Citizen Reporter
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3 minute read
4 Jan 2022
10:56 am

Parliament fire contained, inspections for hotspots continue

Citizen Reporter

Authorities will take over the scene should there be no more fires by the end of the day.

A fire at National Assembly Parliament on January 02, 2022 in Cape Town, South Africa. Picture: Gallo Images/Brenton Geach

Further damage has been caused to the National Assembly in Cape Town despite the blaze that engulfed the building being brought under control by 09:00 on Tuesday morning.

Firefighters continued to extinguish flames around midnight after a new blaze broke out on Monday afternoon.

Parliament confirmed in a statement on Tuesday morning that parts of the New Assembly has been “completely gutted”.

“The fight against the fire continued into midnight following yesterday afternoon’s re-emergence of the fire which was propelled by solid south-easterly winds and necessitated the deployment of heavy-duty aerial fire-fighting appliances to reinforce the existing capacity,” the statement read.

ALSO READ: Don’t blame me for parliament fire, says Mapisa-Nqakula

“The firefighters applied a courageous and brave fighting spirit in their fight for hours last night, and were able to put down the fire by midnight.

“Further damage has been caused, with more floors of the building, which house offices of MPs and support staff, being completely gutted,” it further said.

The blaze has also “completely destroyed” the roof of the National Assembly, where the flare up occurred.

Six of the ten fire trucks involved in fighting the blaze are still on the scene. However, they are expected to be withdrawn during the course of the morning.

Also giving an update on the status of the fire, City of Cape Town Chief Fire Officer, Ian Schnetler said inspections on hotspots inside the National Assembly were being conducted.

“At present it’s very quiet. The Divisional Commander is still doing a preliminary inspection currently on the 4th and 5th floor, to see whether there are any further hotspots. We have [also] been assisted by EMS with their drones,” he said.

Schnetler also indicated that the authorities will take over the scene should there be no more fires by the end of the day.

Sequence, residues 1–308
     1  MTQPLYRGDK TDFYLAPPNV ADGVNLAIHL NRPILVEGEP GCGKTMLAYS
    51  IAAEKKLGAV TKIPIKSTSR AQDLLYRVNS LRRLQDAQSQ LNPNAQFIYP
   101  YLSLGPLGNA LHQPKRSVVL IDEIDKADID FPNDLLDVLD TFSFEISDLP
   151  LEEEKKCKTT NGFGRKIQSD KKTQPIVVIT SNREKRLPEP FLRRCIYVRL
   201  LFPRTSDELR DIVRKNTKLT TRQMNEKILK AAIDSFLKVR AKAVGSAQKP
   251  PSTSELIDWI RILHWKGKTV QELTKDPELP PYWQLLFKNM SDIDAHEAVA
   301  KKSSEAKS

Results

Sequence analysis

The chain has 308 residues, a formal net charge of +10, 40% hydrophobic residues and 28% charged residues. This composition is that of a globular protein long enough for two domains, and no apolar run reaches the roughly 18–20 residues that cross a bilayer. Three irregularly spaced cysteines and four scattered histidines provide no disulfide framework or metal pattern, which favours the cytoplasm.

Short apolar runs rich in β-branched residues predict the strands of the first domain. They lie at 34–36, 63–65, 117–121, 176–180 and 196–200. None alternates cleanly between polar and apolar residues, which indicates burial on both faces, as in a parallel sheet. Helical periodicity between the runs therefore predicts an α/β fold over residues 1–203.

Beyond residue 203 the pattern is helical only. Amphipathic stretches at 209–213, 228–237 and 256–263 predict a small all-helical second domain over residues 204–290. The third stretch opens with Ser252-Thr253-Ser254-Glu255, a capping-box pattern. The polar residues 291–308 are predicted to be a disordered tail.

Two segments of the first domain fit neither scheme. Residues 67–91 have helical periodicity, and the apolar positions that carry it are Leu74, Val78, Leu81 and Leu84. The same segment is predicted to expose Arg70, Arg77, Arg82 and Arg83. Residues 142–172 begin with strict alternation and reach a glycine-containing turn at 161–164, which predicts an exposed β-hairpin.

READ MORE: Be grateful one city works, says Ramaphosa in Parliament fire address

“If there is nothing further or they do the final inspections probably by the end of the day, we should be having this thing sorted out and then handing over the building to the authorities for further inspections.”

The fire, which started on Sunday, has affected both the Old Assembly Wing and the National Assembly Wing of Parliament, which also houses the upper house, National Council of Provinces (NCOP).

Government officials on Monday confirmed the NCOP’s Chamber Offices, the library, and a museum were all spared.

The fire initially started at the hall of the Old Assembly building, then spread to the National Assembly.

A 49-year-old man was arrested in connection with the fire and is expected to appear in the Cape Town Magistrates Court on Tuesday.

He is facing charges of housebreaking, theft and arson. He will also be charged under The National Key Point Act.

Concerns over Sona

On Monday, National Assembly Speaker Nosiviwe Mapisa-Nqakula assured the public that this year’s State of the Nation Address (Sona), budget speech, and other parliamentary programmes will continue as planned.  

 Cape Town mayor, Geordin Hill-Lewis has since offered others venues to host the 2022 Sona.

“I have been in contact with the Speaker of Parliament, [Honourable] Nosiviwe Mapisa-Nqakula, to offer our immediate assistance so that the work of Parliament can continue.

“Cape Town will make our Council Chamber available to the Speaker for sittings of the National Assembly, as well as the use of the Grand Parade and City Hall for the State of the Nation Address,” he said in a statement.